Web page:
Questions

FGM Activists Answers

 Our Answers

What does it look like?

 

 

Why are you so interested in our genitalia, does your curiosity matter more than our mental health? Our answer would be the same as our anti-FGM activist friends. But to specify, there are no perceivable anatomical differences between the genitalia of uncircumcised women and those that have undergone Islamic female circumcision.

Isn’t it like male circumcision?

The only ‘reason’ FGM happens is to control a girl’s sexuality; it can be anything from a small nick in the hood of the clitoris… the partial or total removal of the labia minora… sometimes if they’re sown closed there is a tiny hole that’s left for pee to come out and menstrual blood to come out; it has a lot of implications for childbirth, it makes it very difficult… I’ve witnessed a lot of women die back home giving birth; if you were to compare it to male circumcision that would be like cutting a boy’s dick, half of his dick off; yes I think it’s weird to cut the healthy tissue of young boys, I would never support it but I think to compare the two, to make a point doesn’t help anybody. No. It is far less invasive than male circumcision. Islamic female circumcision only involves a nick on the foreskin whereas male circumcision involves removal of an equivalent of 30-50 square centimeters of foreskin tissue that would have existed on an adult male.

To respond to our activist friends: The Islamic practice of female circumcision is not carried out to curb sexual pleasure. It has a deep spiritual significance. 

Islamic female circumcision has no connection with childbirth.7 8 As only the prepuce of the clitoris is nicked, the birth canal is not touched at all.

Isn’t that a Muslim thing?

Why with the Islamophobia? It’s not written in the Quran, it’s not necessarily endorsed by the Imams; [a survivor speaks about how she was baptised and is Christian]; we believe it started two and a half thousand years ago, so it predates both Islam and Christianity. Whilst we agree that FGM is not a ‘Muslim thing’, Islamic female circumcision, which we do not regard as being FGM, is certainly very much a requirement in Islam, though different denominations within Islam put different emphases on it.  If a practice predates the coming of Prophet Muhammad (PBUH) that does not necessarily mean it’s not Islamic. Islam traces many of its traditions to the lineage of Prophets that came before the Prophet Muhammad.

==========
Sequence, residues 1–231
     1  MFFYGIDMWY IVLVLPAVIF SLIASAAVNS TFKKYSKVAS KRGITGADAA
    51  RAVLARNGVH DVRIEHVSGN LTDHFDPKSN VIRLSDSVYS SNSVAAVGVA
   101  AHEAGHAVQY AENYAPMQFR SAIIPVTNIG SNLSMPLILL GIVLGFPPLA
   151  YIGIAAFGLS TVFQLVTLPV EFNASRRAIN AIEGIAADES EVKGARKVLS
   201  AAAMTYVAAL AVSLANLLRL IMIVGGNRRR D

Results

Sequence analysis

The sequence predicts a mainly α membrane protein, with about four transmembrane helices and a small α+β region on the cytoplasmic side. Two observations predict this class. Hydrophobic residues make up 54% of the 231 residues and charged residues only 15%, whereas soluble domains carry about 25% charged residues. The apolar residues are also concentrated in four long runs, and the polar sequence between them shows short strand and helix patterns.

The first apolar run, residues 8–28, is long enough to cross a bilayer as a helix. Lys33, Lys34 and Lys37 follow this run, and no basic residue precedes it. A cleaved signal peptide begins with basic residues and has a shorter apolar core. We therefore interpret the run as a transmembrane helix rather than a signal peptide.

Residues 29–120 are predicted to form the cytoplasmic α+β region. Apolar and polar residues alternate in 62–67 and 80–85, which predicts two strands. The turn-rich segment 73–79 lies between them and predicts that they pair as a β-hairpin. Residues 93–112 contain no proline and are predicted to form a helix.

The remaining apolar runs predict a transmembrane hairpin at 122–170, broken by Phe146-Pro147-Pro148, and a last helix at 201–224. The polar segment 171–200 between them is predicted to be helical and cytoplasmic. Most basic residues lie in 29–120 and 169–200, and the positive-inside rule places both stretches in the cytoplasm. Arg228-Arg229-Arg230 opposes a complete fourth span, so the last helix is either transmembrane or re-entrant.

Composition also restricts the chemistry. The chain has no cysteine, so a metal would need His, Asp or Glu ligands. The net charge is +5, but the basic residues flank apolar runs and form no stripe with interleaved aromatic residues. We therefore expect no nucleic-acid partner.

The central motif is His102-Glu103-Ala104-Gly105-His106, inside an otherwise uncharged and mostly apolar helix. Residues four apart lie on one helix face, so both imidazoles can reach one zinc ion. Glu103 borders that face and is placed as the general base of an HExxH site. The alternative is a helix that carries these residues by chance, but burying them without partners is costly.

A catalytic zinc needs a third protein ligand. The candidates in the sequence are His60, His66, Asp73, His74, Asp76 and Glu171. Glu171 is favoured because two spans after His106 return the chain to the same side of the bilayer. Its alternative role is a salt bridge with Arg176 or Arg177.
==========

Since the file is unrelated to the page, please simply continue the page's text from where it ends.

Neither male nor female circumcision are mentioned in the Quran, but they are prescribed by the Prophet in the sunnah (Prophetic traditions). A large body of Islamic practices are not explicitly described in the Quran either (including critical elements such as prayer and fasting) but the details are provided in the sunnah. Therefore, it is illogical to reject female circumcision simply because it’s not in the Quran and predates Prophet Muhammad. Like all large religions, variations in practice and belief occur within the larger body of Islamic belief. There is no single authority on all Islamic practice. Many well respected authorities within the Islamic community have affirmed the importance of circumcision for both boys and girls.

So you can’t orgasm?

Asking such a question could definitely trigger huge emotions, it could break a survivor and set her back, so just don’t ask. Asking a circumcised woman this question is not harrowing, though it is undeniably odd. There is absolutely no anatomic reason nor is there verified clinical evidence to believe Islamic female circumcision (WHO Type 1a or 4), which only involves a minor nick to the foreskin, would negatively affect sexual function, as the procedure does not affect the clitoris and other sexually sensitive organs. In fact, clitoral unhooding, in which a substantial part of the foreskin is removed, is routinely carried out as a treatment to cure women who do have difficulty orgasming.3

Your parents must hate you

My family did that because they thought it was the best thing they could do for me at that point in time, no one wants their children to be called names; people are going to think she’s dirty, no one is going to want to marry her because you can’t prove her virginity; many of the mums who are cutting their daughters also were cut, so they feel they have an idea about what is needed; it doesn’t come from a place of hate it comes from a place of weird love and intense pressure; my mother had no role, had no power in stopping me from being cut, but she had the power to empower me to be this woman that I am. The question presupposes that the practice is harmful and destroys sexual pleasure, and so any parent wanting to do that to their child must hate them. The reality is quite the opposite. The practice is harmless and parents do it out of love for their child.